• DO NOT WAIVE YOUR RIGHT TO HOME INSPECTION AND WALKTHROUGH: As a prospective home buyer, you have a right to a walkthrough of the property, and you also have a right to hire a home inspector to inspect the property and prepare a report prior to completing the purchase.  In some cases, purchasers may feel compelled to waive these rights in order to save time and money or to gain an advantage over other potential purchasers of a potential property.  Do not be tempted to waive these rights.  Hire your own home inspector to prepare a report for you, read that report carefully, and ask the inspector questions about anything you do not understand.  If the home inspector recommends that you hire some kind of specialist to inspect a specific area of the property (foundation, roof, etc.), consider getting that additional report as well.  This process is meant to help you gain as much information as possible about a property before you decide to purchase, and doing so will help you make an informed decision.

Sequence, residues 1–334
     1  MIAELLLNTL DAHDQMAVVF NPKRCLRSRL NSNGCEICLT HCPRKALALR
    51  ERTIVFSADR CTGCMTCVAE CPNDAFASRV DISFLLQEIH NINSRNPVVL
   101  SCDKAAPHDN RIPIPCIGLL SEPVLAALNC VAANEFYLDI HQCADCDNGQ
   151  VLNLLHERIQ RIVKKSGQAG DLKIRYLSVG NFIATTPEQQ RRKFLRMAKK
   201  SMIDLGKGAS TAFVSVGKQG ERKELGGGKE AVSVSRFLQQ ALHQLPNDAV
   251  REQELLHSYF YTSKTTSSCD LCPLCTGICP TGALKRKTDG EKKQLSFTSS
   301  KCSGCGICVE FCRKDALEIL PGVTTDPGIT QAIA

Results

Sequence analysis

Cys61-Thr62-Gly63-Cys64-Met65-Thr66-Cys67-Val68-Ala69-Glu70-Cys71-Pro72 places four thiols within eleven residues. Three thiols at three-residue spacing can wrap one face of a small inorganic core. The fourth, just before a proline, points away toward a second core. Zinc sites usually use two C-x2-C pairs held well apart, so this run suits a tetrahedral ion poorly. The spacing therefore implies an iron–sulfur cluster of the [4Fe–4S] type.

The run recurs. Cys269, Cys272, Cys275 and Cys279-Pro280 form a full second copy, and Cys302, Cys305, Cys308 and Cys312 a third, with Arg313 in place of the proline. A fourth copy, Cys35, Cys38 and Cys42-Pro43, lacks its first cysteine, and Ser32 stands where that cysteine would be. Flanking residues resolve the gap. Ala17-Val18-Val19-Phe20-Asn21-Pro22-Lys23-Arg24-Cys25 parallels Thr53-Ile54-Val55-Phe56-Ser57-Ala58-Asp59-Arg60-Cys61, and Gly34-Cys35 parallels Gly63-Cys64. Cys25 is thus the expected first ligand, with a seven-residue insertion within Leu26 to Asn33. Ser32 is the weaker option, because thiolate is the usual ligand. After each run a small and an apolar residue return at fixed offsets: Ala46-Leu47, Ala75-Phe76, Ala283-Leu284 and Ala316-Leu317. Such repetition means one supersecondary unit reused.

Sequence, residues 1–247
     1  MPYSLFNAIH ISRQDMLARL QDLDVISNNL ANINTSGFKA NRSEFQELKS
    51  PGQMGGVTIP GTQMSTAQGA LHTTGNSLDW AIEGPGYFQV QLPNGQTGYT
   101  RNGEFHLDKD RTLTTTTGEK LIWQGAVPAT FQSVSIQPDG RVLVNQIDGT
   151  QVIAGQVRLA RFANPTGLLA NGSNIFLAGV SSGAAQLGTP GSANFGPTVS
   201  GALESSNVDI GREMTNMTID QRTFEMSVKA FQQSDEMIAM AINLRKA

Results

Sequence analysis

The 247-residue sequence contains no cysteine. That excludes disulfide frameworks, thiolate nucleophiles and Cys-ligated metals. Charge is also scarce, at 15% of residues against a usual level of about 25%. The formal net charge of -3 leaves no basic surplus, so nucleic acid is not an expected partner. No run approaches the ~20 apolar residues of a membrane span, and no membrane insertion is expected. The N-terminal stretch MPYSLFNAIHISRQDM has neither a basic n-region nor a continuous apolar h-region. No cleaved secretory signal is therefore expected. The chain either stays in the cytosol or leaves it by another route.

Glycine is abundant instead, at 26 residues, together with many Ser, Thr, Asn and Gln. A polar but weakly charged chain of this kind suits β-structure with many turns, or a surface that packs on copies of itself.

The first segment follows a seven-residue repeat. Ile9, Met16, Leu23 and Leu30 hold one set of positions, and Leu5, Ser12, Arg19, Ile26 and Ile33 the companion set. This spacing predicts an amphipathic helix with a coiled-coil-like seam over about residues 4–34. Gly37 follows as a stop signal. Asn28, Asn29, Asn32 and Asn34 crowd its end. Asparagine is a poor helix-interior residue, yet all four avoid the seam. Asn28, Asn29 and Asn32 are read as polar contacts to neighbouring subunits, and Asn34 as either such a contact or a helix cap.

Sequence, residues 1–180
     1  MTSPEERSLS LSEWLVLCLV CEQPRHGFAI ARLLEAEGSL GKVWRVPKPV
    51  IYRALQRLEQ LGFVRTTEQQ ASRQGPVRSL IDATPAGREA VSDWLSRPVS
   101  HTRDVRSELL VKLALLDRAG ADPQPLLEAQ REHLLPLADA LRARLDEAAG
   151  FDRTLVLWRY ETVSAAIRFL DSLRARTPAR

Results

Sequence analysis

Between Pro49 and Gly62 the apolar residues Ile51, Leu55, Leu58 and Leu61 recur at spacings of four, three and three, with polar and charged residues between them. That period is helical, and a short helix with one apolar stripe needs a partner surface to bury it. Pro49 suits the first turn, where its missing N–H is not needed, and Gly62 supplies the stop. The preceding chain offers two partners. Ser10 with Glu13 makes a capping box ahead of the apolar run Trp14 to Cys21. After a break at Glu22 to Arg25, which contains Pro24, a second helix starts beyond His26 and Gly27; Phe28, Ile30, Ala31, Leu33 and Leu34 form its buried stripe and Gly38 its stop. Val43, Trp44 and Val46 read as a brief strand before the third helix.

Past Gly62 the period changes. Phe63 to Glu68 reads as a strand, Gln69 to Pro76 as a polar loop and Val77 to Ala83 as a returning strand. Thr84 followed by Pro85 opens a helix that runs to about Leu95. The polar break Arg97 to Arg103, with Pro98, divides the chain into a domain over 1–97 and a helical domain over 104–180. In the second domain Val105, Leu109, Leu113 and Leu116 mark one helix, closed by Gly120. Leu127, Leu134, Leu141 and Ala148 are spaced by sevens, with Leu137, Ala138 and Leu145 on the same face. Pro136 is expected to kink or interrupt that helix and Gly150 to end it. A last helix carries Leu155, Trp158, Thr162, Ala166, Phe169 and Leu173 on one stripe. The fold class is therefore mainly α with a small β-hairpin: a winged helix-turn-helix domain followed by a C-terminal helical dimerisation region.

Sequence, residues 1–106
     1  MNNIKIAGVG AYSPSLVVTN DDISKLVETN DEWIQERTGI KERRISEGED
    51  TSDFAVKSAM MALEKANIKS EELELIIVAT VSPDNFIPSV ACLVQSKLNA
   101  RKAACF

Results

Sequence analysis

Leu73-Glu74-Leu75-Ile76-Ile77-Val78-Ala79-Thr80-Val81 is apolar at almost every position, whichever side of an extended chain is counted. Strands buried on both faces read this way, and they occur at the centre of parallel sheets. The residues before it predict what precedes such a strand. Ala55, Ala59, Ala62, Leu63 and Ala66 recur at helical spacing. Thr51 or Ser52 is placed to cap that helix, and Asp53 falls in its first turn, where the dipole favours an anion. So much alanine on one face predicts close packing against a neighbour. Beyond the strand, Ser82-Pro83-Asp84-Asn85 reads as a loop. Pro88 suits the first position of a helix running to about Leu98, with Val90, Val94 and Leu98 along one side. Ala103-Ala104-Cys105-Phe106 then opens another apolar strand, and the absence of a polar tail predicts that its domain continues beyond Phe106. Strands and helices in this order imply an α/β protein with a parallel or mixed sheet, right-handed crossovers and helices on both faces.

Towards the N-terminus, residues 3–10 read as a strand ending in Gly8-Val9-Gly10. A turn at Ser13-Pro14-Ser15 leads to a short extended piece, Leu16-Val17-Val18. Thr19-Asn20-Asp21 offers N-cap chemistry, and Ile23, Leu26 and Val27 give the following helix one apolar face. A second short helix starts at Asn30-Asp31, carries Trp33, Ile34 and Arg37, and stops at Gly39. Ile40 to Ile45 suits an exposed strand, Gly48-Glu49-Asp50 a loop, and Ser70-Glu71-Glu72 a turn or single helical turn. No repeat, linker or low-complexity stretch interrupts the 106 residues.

If you liked this article, please see what Andrew says about AB (Assembly Bill) 968.

Author: Andrew McClelland
Andrew was admitted to the California bar in 2008 and has worked as a real estate litigator for 15 years, focusing his practice on construction disputes, land use issues, co-ownership disputes, insurance coverage, and premises liability cases. Andrew is active in a number of professional organizations including the San Francisco Bar Association and the Alameda County Bar Association.

The information provided in this article does not, and is not intended to, constitute legal advice, and is meant for general informational purposes only.  Readers of this article should contact an experienced real estate attorney to obtain advice regarding any particular legal matter related to the issues presented in this article.  

No reader of this article should act or refrain from acting on the basis of information on this site without first seeking legal advice from California-licensed counsel.  Only your individual attorney can provide assurances that the information contained herein – and your interpretation of it – is applicable or appropriate to your particular situation.  Use of, and access to, this article does not create an attorney-client relationship between the reader and the author.